Like many people, I have scaled back on my holiday shopping, instead knitting colorful hats, amidst the usual onslaught of commercialism. On some level, it feels like the relief I’ve always wanted from the burden of the season’s overkill of happy Christmas cheer and frenzied buying. As a Jewish child in a household of quiet tension and heavy depression, I spent many hours escaping into the joy of Christmas on TV. My mother, who struggled with many demons, lit up during the Christmas season.
Our house was filled with little elves and toy sleighs, and we had a pink – need I say, fake? – Christmas tree, which sat on the mantle next to the Chanukah Menorah. This was to the dismay of my father, an avowed atheist who had been brought up in a strict Orthodox Jewish home. I loved Christmas, and I liked Chanukah. It’s one of the plights many Jews endure. How can Chanukah – a relatively minor holiday for Jews – possibly compete with the glamour and excitement of Christmas?! So perhaps it’s no surprise that the season conjures up a complicated mélange of feelings for me.
This year, as I neared the end of my knitting projects and gift buying, I ventured out to an upscale mall to buy that final present. I timed the visit so I would arrive the moment the mall opened on a Saturday morning, in hopes I could be in and out within a half hour, max. To my delight, the place was empty. I briskly walked by Gucci, Ann Taylor, Coach and Dolce & Gabanna, feeling somewhat smug about being a 99%-er in a 1% mall. I had only two stops to make. At the first, I purchased an item from a weary salesman who was bracing for yet another long day and seemed to appreciate my kindness and empathy. At the second store, I was greeted by a smiling saleswoman who said, ‘wow, you’re movin’ fast!’, helping me to maintain my pace, as she quickly processed my order.
As I was about to step onto the escalator to exit the mall, victorious in my rapid sweep, I heard a woman call out to me. Was it possible that someone knew me in this phalanx of the upper-class? No, it wasn’t anyone I knew; it was a well-heeled salesperson calling out to me from a small cosmetics stand. I turned around a second time, and we made eye contact, and she gestured for me to come over to her. Normally, I resist being roped into buying anything, much less a beauty product, and much less at a mall. But I had managed to not spend much money, and something about her friendly call amidst feeling stressed out in this upscale environment lowered my resistance.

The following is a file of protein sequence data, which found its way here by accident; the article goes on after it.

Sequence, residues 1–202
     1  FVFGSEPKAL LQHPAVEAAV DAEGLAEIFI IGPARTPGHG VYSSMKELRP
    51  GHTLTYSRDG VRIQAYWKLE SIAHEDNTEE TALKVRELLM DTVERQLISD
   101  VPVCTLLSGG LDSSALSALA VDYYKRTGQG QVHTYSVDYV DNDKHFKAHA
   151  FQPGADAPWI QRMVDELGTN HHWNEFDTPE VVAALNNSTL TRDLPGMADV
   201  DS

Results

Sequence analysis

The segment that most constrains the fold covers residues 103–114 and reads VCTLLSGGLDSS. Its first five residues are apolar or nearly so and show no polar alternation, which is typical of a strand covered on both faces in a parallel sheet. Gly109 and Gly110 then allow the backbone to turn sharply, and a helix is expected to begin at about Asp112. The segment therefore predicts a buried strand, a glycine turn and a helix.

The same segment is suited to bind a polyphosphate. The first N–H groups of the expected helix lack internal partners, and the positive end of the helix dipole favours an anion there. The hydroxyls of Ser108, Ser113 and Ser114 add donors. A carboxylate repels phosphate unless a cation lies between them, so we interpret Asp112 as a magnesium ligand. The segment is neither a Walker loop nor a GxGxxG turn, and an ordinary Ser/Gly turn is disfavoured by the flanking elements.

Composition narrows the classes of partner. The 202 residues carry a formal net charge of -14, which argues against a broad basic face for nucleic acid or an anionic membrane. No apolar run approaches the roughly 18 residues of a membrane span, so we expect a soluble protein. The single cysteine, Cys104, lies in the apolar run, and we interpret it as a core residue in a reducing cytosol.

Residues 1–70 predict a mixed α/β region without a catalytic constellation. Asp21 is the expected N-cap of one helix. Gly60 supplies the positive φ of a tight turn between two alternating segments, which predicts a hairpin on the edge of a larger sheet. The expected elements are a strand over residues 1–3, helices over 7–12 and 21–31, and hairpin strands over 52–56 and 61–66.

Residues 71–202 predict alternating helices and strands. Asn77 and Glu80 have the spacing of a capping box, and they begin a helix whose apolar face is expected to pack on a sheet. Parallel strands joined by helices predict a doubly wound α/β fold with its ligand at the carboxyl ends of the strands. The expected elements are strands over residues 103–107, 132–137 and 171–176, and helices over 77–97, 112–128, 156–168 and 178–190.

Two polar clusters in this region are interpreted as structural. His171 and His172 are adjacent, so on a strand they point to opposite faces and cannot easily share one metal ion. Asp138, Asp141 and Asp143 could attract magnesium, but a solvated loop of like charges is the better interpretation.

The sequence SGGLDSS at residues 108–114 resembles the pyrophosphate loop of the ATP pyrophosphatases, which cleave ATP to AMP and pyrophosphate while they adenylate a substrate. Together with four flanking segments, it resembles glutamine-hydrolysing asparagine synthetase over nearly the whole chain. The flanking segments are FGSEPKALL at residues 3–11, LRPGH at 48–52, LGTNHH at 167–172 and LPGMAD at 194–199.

The woman offered me a “simple treatment”. And I thought, why not take a moment for myself, a free moment with no obligations, and then I could sashay out of the mall feeling more relaxed and pampered… She took a calculated and up-close look at me, all the while, spewing a waterfall of words to both compliment me and convince me that I needed to buy a special “eye serum”. She bathed me in what you might call “back-handed compliments” – “you must have been very pretty when you were young, ah yes, you have lovely high cheek bones, and look at your gorgeous eyes! I’d love to see more of them!” I knew it was time to leave, but exhaustion and curiosity kept me there. When she blithely transitioned into the final hook, saying, “I have the product that will make you look much younger”, Mindy #1 said “leave immediately”, and Mindy #2 didn’t budge.
I allowed her to apply an “eye serum” around my eyes – clearly named to imply its scientific nature – while the saleswoman claimed it would reduce my wrinkles, dark circles and puffy eyes. Why didn’t I scream out “NO! I am fine the way I am!”, circles, puffy eyes and all? Mindy #1 knew she was falling for societal messages that glorify youth, and seduce middle-age and older women into spending millions of dollars to appear “young”. But Mindy #2 said that there was no harm in getting a freeby, and wouldn’t it be interesting to see the results of this magic application? Sensing my resistance, the saleswoman assured me that the product was safe and included only “organic ingredients” and “natural herbs”, all the while massaging my face (which felt good!) and telling me I was already looking younger. She worked only on one side of my face, promising me that I would see the difference when she was done.